Fire Island Team on the Hulu Movie’s Queer Jokes, Villains and Romance – The Hollywood Reporter

About five minutes into Fire Island, the Joel Kim Booster-written and Andrew Ahn-directed film delivers one of its best needle drops: Kathleen’s cover of Willy Wonka classic “Pure Imagination.”

The moment is a clever play, serving as the background soundtrack to the arrival of the film’s core ensemble. Noah (Booster), Howie (Bowen Yang), Luke (Matt Rogers), Keegan (Tomás Matos) and Max (Torian Miller) are all carrying their golden tickets to the candy factory that is the iconic island. But as the waves lap at the boat’s edge, the sun casting an almost rainbow glow upon the annual gathering spot, the song begins to mean something else for this modern queer take on Pride & Prejudice.

The lyrical narrative of “Pure Imagination” suggests Fire Island as a place that historically LGBTQ viewers have only been able to dream about when it comes to major studio films — queer-centric comedy, racially inclusive romance, with more relatability through (deconstructed) stereotype. But Booster’s modern spin on the rom-com classic makes that dream a reality onscreen with a take so effortless in its mixture of Austen and queerness that changing the world — at least of Hollywood big screen LGBTQ narratives — seems like “there’s nothing to it.”

During the movie’s New York red carpet premiere Thursday as part of Newfest’s opening night, Ahn told The Hollywood Reporter that was part of a larger vision he and the film’s LGBTQ-led creative team and cast were going for. “I thought a lot about how this was a film for my friends, for my queer community,” Ahn said. “I wanted it to show us as beautiful beings, that our stories are really important and worth telling. And that it can be fun and sexy and irreverent, all at the same time.”

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From left: Andrew Ahn, Joel Kim Booster, Matt Rogers, Bowen Yang, James Scully, Torian Miller, Tomás Matos, Zane Phillips, Conrad Ricamora and Nick Adams
Arturo Holmes/WireImage

Ahn pointed to the talent of writer and star Booster as the one mainly responsible for the film’s seemingly effortless genre and audience mashup. As a first-time screenwriter, the comedian and actor said he initially “just felt like this is not gonna happen,” when it came to getting the movie produced. But that’s what led to him just going “balls to the wall” in how he approached it, writing “as honestly as possible and not only trying to write to an audience that I don’t think would be interested in seeing it.”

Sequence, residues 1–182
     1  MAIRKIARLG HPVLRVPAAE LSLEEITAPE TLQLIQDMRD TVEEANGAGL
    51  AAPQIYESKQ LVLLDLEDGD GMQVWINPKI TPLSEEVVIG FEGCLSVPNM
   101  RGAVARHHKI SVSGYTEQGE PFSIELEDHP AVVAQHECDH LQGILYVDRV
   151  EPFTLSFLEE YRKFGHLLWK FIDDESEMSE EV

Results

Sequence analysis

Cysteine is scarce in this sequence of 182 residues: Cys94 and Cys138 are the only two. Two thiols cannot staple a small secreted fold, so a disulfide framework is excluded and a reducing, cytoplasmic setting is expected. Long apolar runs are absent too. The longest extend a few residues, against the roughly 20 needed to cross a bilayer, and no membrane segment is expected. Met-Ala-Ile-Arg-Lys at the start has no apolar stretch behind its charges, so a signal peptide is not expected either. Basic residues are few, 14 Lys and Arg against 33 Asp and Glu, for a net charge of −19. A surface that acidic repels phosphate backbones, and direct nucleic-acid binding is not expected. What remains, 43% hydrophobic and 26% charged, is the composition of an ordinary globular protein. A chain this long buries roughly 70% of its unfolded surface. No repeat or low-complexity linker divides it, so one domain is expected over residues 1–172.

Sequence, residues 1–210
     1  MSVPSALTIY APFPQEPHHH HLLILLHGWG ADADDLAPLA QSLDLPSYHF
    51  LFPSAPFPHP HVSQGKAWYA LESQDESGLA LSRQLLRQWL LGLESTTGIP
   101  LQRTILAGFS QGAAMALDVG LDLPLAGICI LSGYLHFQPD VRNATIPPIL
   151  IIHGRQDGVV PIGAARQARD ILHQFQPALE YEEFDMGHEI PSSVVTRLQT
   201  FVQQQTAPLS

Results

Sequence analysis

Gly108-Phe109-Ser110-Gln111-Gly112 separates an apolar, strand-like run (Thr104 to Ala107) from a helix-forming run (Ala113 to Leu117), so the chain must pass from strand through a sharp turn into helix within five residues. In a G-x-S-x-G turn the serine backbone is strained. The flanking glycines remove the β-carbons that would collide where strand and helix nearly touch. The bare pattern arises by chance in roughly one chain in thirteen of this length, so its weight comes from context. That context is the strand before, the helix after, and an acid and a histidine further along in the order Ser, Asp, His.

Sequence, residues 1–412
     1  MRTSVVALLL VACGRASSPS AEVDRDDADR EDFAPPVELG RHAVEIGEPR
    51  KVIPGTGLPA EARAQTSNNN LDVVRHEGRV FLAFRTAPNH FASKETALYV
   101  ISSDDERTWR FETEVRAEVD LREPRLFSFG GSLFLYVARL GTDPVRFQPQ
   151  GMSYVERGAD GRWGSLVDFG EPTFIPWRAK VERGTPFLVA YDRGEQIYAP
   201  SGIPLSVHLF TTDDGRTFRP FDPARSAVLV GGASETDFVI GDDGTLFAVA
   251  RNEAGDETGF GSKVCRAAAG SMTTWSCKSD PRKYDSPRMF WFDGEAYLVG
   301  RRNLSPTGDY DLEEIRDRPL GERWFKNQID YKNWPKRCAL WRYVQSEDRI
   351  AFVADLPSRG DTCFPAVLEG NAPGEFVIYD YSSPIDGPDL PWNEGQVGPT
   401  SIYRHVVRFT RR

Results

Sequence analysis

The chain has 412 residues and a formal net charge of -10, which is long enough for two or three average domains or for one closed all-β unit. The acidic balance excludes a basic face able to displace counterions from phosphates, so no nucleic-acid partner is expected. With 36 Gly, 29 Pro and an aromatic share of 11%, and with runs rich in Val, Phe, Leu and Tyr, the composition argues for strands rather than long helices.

Part of that meant that while the rom of the rom-com could be universal, sometimes the com wouldn’t be. “Writing a movie that has something for everyone is almost impossible and I think this really is working on so many levels, different genres, differences in the audience,” producer Brooke Posch said. “So every joke isn’t for everyone, but you can still engage with it.”

“This was something that sold itself and it’s not a monolithic audience either way,” producer John Hodges said about the film’s dual audience, Austen readers and LGBTQ viewers. “There’s a spectrum of characters here and we hope everybody can see a version of themselves.”

Booster said he had the support of Searchlight, who he noted “didn’t pressure me” around the film’s comedy, even when executives didn’t get the joke. “Sometimes they didn’t understand the joke and that was OK. As long as I explained it to them, they didn’t need the whole audience to know,” he said.

Part of that larger joke is something that is deeply entrenched in the film’s relationships and racial dynamics among its diverse ensemble. Something that’s no laughing matter? Fire Island is not only one of a handful of LGBTQ-focused rom-coms by a major studio, but one of a few big-screen romances that features two queer characters of color in a leading onscreen relationship. Having two gay Asian men leading the film was something Booster said “was definitely in the back of my mind” while making the film.

“We saw a lot of people including white men for that role, and it was definitely the hardest one to cast by far. Mr. Darcy is an iconic role and you have to hate him and then you have to love him,” he told THR. “But ultimately — it’s not even a line — we have the best actor for the role and I’m glad it’s Conrad [Ricamora].”